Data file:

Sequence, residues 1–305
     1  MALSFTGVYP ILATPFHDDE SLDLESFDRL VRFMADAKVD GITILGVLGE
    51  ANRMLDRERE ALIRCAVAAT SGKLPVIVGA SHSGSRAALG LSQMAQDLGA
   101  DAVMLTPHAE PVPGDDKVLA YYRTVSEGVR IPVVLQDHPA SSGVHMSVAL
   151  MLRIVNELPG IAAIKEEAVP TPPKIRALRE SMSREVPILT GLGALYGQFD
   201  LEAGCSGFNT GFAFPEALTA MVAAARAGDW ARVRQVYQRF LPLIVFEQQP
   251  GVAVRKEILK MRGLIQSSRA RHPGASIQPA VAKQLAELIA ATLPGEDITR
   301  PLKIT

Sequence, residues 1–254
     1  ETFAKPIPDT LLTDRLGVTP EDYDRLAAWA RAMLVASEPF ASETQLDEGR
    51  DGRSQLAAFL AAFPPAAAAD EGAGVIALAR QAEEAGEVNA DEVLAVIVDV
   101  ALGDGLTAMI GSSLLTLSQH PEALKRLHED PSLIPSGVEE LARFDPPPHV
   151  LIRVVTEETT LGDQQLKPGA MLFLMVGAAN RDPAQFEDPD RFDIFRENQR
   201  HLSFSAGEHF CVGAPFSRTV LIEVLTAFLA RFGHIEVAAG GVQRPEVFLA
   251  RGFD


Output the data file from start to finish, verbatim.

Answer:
Sequence, residues 1–305
     1  MALSFTGVYP ILATPFHDDE SLDLESFDRL VRFMADAKVD GITILGVLGE
    51  ANRMLDRERE ALIRCAVAAT SGKLPVIVGA SHSGSRAALG LSQMAQDLGA
   101  DAVMLTPHAE PVPGDDKVLA YYRTVSEGVR IPVVLQDHPA SSGVHMSVAL
   151  MLRIVNELPG IAAIKEEAVP TPPKIRALRE SMSREVPILT GLGALYGQFD
   201  LEAGCSGFNT GFAFPEALTA MVAAARAGDW ARVRQVYQRF LPLIVFEQQP
   251  GVAVRKEILK MRGLIQSSRA RHPGASIQPA VAKQLAELIA ATLPGEDITR
   301  PLKIT

Sequence, residues 1–254
     1  ETFAKPIPDT LLTDRLGVTP EDYDRLAAWA RAMLVASEPF ASETQLDEGR
    51  DGRSQLAAFL AAFPPAAAAD EGAGVIALAR QAEEAGEVNA DEVLAVIVDV
   101  ALGDGLTAMI GSSLLTLSQH PEALKRLHED PSLIPSGVEE LARFDPPPHV
   151  LIRVVTEETT LGDQQLKPGA MLFLMVGAAN RDPAQFEDPD RFDIFRENQR
   201  HLSFSAGEHF CVGAPFSRTV LIEVLTAFLA RFGHIEVAAG GVQRPEVFLA
   251  RGFD